The Italians come to Wembley for the crucial World Cup qualifying match soothed by their record against England in the modern era, having won four of the last six encounters, going back 21 years, and drawn another. England's only victory (2-0, courtesy of Keegan and Brooking) came from an academic exercise in 1977 when Italy had all but qualified for the succeeding year's tournament.
We are led to believe that this is a team desperately seeking to avoid decline after a poor Euro 96 where elimination led to the fall of Arrigo Sacchi as coach and the appointment of Cesare Maldini. England are in the ascendancy by contrast, having reached the semi-finals last summer and begun under Glenn Hoddle with three victories.
In reality, the two teams' recent records are remarkably similar. Both drew with Germany last summer, the Italians without the considerable advantage of a passionate home stadium. Both have three wins from three matches this season. In transition they may be, from Sacchi's 4-4-2 to Maldini's 3-5-2, and perhaps less fearsome than in the 1970s and 1980s, but any team that does not respect the Italians will end up sleeping with the fishes.
"There's not a lot between the two sides," is Hoddle's assessment. "They are an excellent side and we believe we can be an excellent side. If we make the players perform as well as they can within the team framework, then we will win. It's who is going to play in a relaxed manner with the right frame of mind."
Enter the Wembley effect. England have prospered greatly from it in recent years, sometimes being lifted to draws they may not have deserved. A vibrant capacity crowd can again be expected to do their bit, though the pragmatist Hoddle is wary. "We have to be excited but not too tense," he says. "We need steel and a positive frame of mind without going over that line where you freeze and there is too much fear. We need to use the support rather than let it overwhelm us. Sometimes the opposition can get too tense." It is hard, though, to see the Italians being overwhelmed; the best players should be inspired in such an environment.
"I think it's going to be a patient game at times, with their philosophy, but I don't think they will be ultra-defensive," Hoddle adds. "They will press and try to score goals. Sometimes it's easier to get three points away from home. But I thought the crowd were patient with England in the summer. I enjoyed being there and seeing that."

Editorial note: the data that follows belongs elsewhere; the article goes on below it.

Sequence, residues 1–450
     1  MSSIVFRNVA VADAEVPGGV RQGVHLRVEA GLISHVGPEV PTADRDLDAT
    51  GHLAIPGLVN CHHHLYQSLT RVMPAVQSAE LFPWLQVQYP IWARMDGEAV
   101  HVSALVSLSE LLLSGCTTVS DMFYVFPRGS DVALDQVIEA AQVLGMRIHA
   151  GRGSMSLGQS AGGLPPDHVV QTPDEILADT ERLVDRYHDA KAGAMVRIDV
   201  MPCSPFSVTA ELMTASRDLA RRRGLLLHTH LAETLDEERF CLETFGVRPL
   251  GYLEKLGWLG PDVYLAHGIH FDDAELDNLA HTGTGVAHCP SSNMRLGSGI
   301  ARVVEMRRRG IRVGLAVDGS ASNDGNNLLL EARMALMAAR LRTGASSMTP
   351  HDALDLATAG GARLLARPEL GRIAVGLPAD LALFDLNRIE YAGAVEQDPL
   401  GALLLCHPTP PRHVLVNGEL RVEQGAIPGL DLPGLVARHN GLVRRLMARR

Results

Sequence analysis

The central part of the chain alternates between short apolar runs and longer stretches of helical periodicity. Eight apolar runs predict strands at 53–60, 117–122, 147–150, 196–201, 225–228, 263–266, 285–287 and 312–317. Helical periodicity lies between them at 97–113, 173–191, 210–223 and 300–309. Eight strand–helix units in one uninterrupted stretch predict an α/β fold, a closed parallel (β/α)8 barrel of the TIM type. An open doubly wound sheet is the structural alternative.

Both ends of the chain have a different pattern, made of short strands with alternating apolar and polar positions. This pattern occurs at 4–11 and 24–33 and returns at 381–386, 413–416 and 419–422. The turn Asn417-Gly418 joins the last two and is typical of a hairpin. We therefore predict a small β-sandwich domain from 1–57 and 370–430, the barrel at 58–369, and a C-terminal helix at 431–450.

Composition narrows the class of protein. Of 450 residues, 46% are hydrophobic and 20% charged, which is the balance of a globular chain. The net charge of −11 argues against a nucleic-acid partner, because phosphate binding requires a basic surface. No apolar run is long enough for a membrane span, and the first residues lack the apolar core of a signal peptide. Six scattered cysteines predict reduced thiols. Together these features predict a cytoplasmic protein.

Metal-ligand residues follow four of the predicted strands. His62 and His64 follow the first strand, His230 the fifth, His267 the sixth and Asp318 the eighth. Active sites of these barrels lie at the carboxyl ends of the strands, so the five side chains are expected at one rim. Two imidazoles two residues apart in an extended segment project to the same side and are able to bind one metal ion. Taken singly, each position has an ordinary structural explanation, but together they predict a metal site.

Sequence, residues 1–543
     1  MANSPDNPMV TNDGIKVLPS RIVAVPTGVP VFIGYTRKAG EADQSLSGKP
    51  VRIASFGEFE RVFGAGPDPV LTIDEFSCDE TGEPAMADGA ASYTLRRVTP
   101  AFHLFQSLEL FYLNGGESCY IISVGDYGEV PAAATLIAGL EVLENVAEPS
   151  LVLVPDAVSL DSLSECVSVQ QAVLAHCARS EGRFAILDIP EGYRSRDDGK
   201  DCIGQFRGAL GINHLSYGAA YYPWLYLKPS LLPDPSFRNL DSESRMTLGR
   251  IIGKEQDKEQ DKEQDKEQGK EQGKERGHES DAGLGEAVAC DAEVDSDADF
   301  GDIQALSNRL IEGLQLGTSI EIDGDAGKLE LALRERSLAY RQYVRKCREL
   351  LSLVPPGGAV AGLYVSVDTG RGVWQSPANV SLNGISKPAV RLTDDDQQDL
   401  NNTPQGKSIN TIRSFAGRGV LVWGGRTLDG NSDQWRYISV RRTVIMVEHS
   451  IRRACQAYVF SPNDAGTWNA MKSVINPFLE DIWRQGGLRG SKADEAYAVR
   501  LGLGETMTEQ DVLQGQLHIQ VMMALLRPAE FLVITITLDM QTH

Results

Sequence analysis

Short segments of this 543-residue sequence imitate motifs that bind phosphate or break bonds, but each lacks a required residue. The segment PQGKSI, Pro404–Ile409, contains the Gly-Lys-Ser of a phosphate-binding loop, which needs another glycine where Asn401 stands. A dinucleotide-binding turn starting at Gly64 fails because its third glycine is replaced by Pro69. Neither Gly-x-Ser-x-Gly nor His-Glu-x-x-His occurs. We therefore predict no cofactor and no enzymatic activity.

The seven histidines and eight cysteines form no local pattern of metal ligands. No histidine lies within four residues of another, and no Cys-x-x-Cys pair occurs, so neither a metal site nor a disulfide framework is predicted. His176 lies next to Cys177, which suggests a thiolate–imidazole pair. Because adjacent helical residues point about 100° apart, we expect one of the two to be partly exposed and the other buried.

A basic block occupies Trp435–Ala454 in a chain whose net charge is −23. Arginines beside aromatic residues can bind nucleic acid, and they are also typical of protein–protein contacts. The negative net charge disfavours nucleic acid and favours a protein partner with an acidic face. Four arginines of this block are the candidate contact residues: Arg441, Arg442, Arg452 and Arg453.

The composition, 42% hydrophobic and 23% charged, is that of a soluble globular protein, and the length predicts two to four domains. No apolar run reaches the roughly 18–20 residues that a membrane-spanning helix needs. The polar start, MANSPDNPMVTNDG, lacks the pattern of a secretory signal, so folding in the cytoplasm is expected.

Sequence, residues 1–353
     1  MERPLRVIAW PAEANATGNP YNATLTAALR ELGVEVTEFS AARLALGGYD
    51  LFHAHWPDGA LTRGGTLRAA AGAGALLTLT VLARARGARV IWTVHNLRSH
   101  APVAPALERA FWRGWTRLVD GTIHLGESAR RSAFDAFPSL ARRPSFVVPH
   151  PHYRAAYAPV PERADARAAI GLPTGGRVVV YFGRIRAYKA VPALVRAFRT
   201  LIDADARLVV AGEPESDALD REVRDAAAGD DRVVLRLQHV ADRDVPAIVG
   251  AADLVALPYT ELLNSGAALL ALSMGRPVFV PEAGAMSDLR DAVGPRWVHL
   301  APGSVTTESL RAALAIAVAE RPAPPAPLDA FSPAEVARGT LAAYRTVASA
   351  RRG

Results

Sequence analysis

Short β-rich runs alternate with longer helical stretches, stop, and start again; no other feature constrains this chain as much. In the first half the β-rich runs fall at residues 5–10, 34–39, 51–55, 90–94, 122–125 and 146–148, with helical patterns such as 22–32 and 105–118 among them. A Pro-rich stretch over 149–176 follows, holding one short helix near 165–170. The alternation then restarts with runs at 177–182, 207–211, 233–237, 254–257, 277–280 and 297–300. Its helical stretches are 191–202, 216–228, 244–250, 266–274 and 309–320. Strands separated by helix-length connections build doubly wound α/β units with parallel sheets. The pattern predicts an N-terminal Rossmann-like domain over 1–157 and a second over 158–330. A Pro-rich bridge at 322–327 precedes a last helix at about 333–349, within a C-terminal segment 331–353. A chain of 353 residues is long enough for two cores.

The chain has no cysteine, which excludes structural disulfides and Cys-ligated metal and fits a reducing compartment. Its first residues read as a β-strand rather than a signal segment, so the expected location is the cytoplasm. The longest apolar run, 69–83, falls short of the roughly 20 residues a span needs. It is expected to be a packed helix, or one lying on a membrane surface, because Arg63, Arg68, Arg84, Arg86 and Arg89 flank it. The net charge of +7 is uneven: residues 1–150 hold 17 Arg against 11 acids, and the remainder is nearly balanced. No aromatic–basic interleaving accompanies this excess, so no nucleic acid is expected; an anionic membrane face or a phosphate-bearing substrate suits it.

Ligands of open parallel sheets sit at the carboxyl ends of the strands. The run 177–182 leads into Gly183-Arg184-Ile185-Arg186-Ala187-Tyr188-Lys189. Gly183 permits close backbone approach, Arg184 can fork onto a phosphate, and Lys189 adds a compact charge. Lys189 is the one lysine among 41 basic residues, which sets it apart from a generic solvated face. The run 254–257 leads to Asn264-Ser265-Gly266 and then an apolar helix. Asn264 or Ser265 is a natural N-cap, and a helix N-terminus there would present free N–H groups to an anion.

Under Hoddle's own astute counter-attacking philosophy, England have found it easier to get three points away from home, struggling against Poland at Wembley. The coach knows such a performance will be punished next time. "The players didn't play to instructions and I sensed we were battling with them right up to kick-off," he says. "It showed if you give them space, any international team will hurt you. It allowed me to say next game 'Hey, you didn't do it the way I wanted it done.' "
Much will depend on the composition of the two teams, a canny game of caginess right up to an hour before kick-off. Maldini is believed to be pondering a change in personnel rather than tactics, with his son Paolo possibly switching positions with Ciro Ferrara and becoming the sweeper. In addition, Christian Panucci could supplant Angelo Di Livio at right wing-back, who in turn could move infield to replace either Roberto Di Matteo or Dino Baggio, while up front, it is a question of pairing either Pierluigi Casiraghi or Fabrizio Ravanelli with Gianfranco Zola or Alessandro Del Piero.
Monday and Tuesday will be busy days for Hoddle as he surveys his walking wounded and ponders how best to combat the threat of a withdrawn striker, probably Zola over Del Piero, and, at the other end, cause maximum discomfort to the Italians' back three. David Seaman (knee injury), Tony Adams (ankle) and Alan Shearer (back) all seem certain to be fit; Paul Gascoigne (ankle) certain to be unfit. That leaves Paul Ince (thigh) as the main doubt.
Hoddle's selection should be a positive one, though, with the reward of three points a huge incentive, even if all is not lost with a draw or even defeat. England will clearly not wish to go to Rome in October needing a victory to secure the one sure qualifying place.
Steve McManaman, the wild card that concerns the Italians, will surely start, the main question being whether to partner Shearer with Les Ferdinand or employ the in-form Paul Merson more subtly. Whatever the systems and their components, it should still be a memorable night. You can't ignore them; tradition and reputations do count for something.
England (possible): Seaman; Southgate, Adams, Pearce; Beckham, Batty, Ince, Le Saux; Merson, McManaman; Shearer.
Italy (possible): Peruzzi; Costacurta, Maldini, Ferrara; Panucci, Albertini, Di Matteo, D. Baggio, Carboni; Casiraghi, Zola.Reuse content